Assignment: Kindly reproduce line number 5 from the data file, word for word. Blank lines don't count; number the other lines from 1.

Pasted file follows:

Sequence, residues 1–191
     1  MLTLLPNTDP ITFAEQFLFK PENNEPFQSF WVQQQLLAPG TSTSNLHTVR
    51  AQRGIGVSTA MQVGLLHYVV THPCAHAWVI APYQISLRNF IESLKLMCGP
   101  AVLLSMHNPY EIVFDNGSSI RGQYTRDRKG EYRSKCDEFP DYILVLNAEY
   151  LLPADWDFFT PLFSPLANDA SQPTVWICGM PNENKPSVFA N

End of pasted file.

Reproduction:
   151  LLPADWDFFT PLFSPLANDA SQPTVWICGM PNENKPSVFA N